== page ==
Literature and Science: Modules Currently on Offer
ENGL720 - Science and Literature I: Science on Stage (5 credits)
Convenor: Dr Greg Lynall
Exploring science and the stage within their reciprocal cultures of spectacle and display, this module considers the representation of various kinds of scientific knowledge and practice in Renaissance and eighteenth-century drama. Reading science as performance, and theatre as experiment, the module locates plays such as Ben Jonson’s The Alchemist and John Gay’s Three Hours After Marriage alongside contemporaneous alchemical and natural philosophical ideas and writings, in order to think through the mutual issues they raise about
secrecy and public demonstration, curiosity and observation, audience, and space.
ENGL710 - Science and Literature II: Science and Imagination (10 credits)
Convenor: Dr Greg Lynall
This module explores the relationship between literature and science in the Renaissance and Eighteenth Century, through the works of authors such as Spenser, Bacon, Milton, Boyle, Cavendish, Newton, Swift, Thomson and Barbauld. It pays particular attention to how emerging ways of knowing and seeing influenced accounts of cosmology and creation, discovery and imagination, and politics and poetics. We use electronic resources such as EEBO andECCO, together with the University Library’s Special Collections and Archives, to examine how literary and non-literary texts of the period engaged with ideas prevalent in ‘scientific’ discourses and how writers were inspired by or set against different narratives of nature, from simple conceits to grand visions of the cosmos.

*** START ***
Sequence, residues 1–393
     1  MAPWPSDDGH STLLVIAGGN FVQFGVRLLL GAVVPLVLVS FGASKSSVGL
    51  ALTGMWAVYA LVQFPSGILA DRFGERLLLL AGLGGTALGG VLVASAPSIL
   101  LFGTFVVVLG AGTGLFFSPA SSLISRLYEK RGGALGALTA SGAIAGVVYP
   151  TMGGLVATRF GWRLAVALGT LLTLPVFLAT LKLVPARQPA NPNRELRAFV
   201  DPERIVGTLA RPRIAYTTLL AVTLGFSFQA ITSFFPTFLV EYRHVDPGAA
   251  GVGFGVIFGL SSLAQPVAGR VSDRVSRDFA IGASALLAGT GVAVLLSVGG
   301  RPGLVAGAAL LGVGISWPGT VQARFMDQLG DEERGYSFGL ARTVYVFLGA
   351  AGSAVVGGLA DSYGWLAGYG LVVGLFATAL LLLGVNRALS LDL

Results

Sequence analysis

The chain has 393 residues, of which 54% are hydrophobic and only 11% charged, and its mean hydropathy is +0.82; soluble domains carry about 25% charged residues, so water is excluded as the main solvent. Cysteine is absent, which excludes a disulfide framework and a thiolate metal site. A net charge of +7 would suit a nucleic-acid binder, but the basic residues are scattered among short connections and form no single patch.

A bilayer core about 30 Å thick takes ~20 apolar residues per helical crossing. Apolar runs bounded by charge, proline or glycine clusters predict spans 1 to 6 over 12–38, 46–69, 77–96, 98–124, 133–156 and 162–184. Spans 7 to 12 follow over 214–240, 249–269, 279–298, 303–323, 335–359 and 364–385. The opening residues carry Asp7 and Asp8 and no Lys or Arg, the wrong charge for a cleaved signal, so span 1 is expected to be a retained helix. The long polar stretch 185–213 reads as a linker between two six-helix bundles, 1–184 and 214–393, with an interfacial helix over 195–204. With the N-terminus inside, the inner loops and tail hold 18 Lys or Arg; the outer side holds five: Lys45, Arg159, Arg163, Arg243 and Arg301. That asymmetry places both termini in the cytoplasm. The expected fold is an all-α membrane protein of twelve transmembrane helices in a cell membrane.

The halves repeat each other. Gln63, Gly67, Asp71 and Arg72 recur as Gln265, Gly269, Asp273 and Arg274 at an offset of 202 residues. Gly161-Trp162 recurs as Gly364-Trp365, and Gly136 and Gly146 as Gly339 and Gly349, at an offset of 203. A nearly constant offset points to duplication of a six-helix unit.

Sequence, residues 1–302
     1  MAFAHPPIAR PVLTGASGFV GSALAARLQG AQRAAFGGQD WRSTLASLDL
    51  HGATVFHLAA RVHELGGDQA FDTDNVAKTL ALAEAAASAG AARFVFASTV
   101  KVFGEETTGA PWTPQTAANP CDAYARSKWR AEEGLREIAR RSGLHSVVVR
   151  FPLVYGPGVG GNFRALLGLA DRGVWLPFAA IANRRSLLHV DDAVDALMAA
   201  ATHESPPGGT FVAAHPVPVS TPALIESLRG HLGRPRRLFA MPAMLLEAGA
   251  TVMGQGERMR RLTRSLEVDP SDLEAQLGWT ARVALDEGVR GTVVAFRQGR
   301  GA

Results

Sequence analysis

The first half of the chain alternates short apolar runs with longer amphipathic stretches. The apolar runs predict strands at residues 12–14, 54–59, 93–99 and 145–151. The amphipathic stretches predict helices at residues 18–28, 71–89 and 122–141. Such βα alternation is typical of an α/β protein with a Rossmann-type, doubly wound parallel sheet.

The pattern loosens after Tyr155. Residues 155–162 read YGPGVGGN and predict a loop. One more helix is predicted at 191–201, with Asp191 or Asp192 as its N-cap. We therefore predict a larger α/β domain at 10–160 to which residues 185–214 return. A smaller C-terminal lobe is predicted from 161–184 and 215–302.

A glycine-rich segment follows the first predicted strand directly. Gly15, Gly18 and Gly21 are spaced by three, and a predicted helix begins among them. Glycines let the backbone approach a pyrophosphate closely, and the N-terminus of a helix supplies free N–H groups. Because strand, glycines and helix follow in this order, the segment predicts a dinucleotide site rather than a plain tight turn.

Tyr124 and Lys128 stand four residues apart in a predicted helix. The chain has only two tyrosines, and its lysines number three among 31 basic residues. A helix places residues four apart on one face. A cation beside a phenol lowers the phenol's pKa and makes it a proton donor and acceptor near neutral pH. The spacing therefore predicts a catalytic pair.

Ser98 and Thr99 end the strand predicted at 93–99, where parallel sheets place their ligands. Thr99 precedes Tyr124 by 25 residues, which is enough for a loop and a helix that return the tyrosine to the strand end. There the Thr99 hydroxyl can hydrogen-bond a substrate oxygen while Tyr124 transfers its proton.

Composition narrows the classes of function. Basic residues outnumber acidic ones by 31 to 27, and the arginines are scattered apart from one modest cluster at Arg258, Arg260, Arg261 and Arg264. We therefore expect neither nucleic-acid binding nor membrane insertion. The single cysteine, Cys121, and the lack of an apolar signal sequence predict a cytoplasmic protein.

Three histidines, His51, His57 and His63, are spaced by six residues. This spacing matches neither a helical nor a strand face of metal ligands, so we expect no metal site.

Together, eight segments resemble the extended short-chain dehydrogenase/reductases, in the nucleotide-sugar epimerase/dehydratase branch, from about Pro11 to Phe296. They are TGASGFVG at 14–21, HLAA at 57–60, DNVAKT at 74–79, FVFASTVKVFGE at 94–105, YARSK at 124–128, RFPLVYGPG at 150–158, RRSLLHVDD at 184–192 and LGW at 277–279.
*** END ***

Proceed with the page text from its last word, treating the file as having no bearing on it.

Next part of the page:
ENGL730 – Using the Science Fiction Archive (5 credits)
Convenor: Mr A Sawyer
This module uses Liverpool’s world-renowned science fiction collection to introduce students to the concept of a literary archive and the importance of context and evidence to presenting an argument about literary texts. As well as looking at books, magazines and other printed material, students will gain practical experience in using authors’ individual archives and reflecting upon the value of archival materials such as manuscripts, letters, and ephemera.
ENGL731 - Science Fiction and the Contemporary (10 credits)
Convenor: Dr Will Slocombe
This module aims to introduce students to the field of science fiction writing, and some of its dominant themes and tropes. Reading authors such as Alastair Reynolds, Margaret Atwood, Joanna Russ, and John Wyndham, students will cover a variety of topics including: temporality and narrative, counterfactual and future histories, utopia and dystopia, and ‘speculating on the present’. These classes will explore how imaginative and speculative writing responds to its time and place of production, in particular how SF articulates ‘the contemporary’.
Find out more about studying Literature and Science on our MA in English Literature
Find out more about our staff and their research interests here.